facetoface

Columns at museum's entrance

A Balancing Act: Rights and Reproductions in the Digital Age

Erin Beasley
July 27, 2017
Black and white screen print of a smiling woman with short hair against a blue background
Michelle Obama / Mickalene Thomas / 2008 / National Portrait Gallery, Smithsonian Institution / Gift of Kenneth I. Schaner / © 2017 Mickalene Thomas / Artists Rights Society (ARS), New York

“Can I use this?” It’s a question I hear on a daily basis as the Rights and Reproduction Specialist at the National Portrait Gallery. In today’s digital world of social media, smartphones, and multimedia kiosks, copyright has become a popular topic of conversation among museum staff, but for many of these professionals, copyright management for digital content is uncharted territory. When responding to the demand for more accessible and open digital collections, museums today face new and often complex challenges. For example, how can a museum manage the growing needs of the digitally savvy visitor while also respecting the intellectual property of artists? 

Digital platforms are now the prevailing means through which people consume information. In order to remain relevant, modern museums are pushing the boundaries of physical exhibition displays to include more immersive and interactive digital experiences. Technology is helping museums improve their engagement with audiences and broaden their educational reach. For these reasons, museums like the National Portrait Gallery are generating more media information than ever before. 

The explosion of image-based creative content is rapidly changing the rights and reproductions landscape. As attorney Walter G. Lehmann writes, “the ease of distribution in the digital realm poses new challenges.” Cultural institutions are beginning to recognize that conversations about copyright need to be a fundamental part of project workflow. While rights and reproduction managers do not need to earn law degrees, they need to keep abreast of rights-related issues regarding digital reproduction usages and learn how to respond to copyright questions. Museum rights managers are also becoming more familiar with one important doctrine in U.S. copyright law: fair use. The fair use provision provides educational institutions, such as museums, with the protection to use copyrighted works in their collection for certain non-commercial educational purposes. A museum’s educational role in society makes it uniquely qualified to apply the fair use doctrine. Fair use is complex and does not cover all museum usages, but as museums produce more digital experiences, rights managers are learning more and more about the value of the fair use doctrine.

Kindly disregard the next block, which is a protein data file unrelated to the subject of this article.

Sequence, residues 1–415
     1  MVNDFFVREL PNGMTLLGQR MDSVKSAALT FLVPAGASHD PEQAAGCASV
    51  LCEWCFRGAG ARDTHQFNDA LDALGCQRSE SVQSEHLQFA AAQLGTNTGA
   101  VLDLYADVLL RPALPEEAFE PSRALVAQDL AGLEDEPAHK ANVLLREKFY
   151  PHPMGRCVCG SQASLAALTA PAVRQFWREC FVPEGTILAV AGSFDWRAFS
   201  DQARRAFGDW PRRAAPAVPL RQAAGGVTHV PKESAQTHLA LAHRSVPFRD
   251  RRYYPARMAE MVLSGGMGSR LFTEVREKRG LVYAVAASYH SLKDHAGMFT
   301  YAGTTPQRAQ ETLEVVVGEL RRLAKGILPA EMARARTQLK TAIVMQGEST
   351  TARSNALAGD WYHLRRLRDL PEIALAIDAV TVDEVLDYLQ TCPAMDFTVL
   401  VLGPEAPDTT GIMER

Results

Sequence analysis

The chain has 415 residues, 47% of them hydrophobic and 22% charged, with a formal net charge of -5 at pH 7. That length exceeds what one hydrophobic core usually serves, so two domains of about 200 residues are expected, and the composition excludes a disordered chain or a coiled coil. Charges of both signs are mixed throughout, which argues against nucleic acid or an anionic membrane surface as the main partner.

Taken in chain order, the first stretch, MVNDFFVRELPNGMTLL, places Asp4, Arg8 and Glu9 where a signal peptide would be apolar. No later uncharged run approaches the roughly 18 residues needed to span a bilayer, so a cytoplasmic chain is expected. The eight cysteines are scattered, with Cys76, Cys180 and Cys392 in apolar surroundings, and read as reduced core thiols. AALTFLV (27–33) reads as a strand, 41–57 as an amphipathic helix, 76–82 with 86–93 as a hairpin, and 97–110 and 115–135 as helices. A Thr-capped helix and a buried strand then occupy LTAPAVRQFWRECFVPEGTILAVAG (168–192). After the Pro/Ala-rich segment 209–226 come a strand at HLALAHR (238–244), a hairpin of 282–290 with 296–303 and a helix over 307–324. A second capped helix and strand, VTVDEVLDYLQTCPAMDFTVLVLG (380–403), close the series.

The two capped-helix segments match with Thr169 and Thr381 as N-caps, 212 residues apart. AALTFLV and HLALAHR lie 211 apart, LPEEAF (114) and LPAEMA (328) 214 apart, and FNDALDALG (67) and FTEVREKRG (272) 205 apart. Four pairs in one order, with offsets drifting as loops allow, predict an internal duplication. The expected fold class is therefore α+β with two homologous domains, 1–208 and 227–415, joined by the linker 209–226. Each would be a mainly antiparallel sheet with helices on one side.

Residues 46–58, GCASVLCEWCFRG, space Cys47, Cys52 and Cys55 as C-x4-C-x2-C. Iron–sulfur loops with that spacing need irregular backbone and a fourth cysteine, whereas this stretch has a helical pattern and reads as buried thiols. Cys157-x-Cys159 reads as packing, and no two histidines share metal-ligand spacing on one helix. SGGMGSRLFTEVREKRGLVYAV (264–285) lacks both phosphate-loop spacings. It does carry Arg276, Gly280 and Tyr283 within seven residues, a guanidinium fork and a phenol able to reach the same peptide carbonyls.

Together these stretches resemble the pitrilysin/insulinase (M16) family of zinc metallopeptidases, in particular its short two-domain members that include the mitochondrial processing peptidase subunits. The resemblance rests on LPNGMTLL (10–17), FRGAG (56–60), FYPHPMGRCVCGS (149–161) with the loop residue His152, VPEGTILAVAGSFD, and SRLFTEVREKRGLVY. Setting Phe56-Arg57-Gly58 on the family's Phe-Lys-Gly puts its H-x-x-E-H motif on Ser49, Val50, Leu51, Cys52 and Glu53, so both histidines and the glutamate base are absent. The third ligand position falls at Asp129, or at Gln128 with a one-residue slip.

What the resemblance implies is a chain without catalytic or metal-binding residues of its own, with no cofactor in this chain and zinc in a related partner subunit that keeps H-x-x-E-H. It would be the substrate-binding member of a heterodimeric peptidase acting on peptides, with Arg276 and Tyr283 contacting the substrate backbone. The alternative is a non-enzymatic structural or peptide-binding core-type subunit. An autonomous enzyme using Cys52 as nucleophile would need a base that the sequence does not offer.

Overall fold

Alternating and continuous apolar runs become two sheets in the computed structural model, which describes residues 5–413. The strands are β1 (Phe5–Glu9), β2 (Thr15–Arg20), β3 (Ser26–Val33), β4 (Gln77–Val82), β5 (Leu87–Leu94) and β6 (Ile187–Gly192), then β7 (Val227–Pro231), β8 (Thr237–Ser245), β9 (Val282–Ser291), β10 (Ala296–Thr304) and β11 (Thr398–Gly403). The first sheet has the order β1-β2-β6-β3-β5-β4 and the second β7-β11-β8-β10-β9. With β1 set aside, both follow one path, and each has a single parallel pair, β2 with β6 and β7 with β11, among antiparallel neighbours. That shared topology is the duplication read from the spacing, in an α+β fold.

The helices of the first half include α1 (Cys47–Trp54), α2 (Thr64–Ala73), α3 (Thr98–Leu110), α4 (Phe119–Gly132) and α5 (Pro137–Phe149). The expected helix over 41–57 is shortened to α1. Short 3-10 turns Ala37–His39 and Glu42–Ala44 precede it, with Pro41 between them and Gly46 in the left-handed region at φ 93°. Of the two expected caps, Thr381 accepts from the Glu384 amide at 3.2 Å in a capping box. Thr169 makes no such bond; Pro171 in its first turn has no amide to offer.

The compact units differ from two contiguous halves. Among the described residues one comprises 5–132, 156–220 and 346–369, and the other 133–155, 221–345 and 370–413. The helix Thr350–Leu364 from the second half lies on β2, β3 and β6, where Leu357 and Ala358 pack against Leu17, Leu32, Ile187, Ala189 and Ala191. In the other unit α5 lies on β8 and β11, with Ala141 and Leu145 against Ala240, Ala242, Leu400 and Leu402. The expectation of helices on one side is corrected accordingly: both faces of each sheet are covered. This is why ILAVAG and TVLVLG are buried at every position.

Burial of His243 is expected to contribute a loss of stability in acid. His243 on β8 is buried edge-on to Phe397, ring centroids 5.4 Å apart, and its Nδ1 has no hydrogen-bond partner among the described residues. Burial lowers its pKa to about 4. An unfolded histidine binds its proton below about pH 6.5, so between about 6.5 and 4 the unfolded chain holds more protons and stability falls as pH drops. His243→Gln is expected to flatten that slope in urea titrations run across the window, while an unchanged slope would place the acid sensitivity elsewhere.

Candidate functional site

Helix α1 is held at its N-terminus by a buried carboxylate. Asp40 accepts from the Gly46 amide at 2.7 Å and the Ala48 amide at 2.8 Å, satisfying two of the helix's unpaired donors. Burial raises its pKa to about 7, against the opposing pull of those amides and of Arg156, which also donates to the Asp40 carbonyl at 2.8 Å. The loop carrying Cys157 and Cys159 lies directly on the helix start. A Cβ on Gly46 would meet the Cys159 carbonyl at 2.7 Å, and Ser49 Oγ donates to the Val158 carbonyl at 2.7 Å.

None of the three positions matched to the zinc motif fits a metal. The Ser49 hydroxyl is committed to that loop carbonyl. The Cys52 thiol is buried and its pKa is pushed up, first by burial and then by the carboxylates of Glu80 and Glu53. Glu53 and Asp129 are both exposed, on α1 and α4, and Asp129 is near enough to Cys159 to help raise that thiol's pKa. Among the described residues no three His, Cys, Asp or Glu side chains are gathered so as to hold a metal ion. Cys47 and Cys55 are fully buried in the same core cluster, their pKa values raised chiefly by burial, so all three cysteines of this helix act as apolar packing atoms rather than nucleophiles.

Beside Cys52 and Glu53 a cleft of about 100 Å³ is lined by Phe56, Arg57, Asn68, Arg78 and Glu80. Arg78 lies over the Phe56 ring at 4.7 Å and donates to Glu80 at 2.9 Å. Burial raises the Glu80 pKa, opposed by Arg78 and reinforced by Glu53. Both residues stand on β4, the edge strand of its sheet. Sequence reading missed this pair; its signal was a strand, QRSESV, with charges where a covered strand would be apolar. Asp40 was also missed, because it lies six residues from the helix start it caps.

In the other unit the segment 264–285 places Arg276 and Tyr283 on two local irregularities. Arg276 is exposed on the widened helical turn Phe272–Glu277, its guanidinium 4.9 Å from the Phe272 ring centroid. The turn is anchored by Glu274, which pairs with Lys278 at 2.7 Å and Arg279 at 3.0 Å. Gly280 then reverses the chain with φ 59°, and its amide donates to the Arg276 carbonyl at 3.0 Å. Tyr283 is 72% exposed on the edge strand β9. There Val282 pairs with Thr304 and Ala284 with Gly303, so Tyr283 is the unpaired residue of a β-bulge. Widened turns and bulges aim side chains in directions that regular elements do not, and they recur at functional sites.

Small white plaster cast of a bearded man's face is scanned by a large laser that casts a blue light
3D Scanning of Abraham Lincoln's Life Mask / Photo by Benjamin Bloom, 2017 / National Portrait Gallery, Smithsonian Institution 

As a public institution, the National Portrait Gallery is committed to making its diverse collection available to researchers, publishers, and the general public in support of scholarship, education, and personal enrichment. The staff is constantly thinking about new ways to reach a wider audience using the museum’s various social media platforms. From touch-screen interactives inside the galleries, to a more robust online collection database, the Portrait Gallery is always implementing new layers of interactivity for its audience. As staff, we seek to connect with the public in enriching and engaging ways through digital mediums, and consequently, we find ourselves wrestling more and more with this evolving and very complicated world of copyright. We’re learning how to apply fair use to some educational contexts, but at the same time, we are developing stronger working relationships with artists and estates so that we can obtain broader permissions more easily. We walk a fine line between being conscientious about artists’ rights and meeting the needs of our visitors. It is a complicated endeavor, and while we have made tremendous progress, we still have a long way to go before we find that happy medium. 

Add new comment

CAPTCHA
Esta pregunta es para probar que usted sea un visitante humano y para prevenir envíos automáticos no deseados.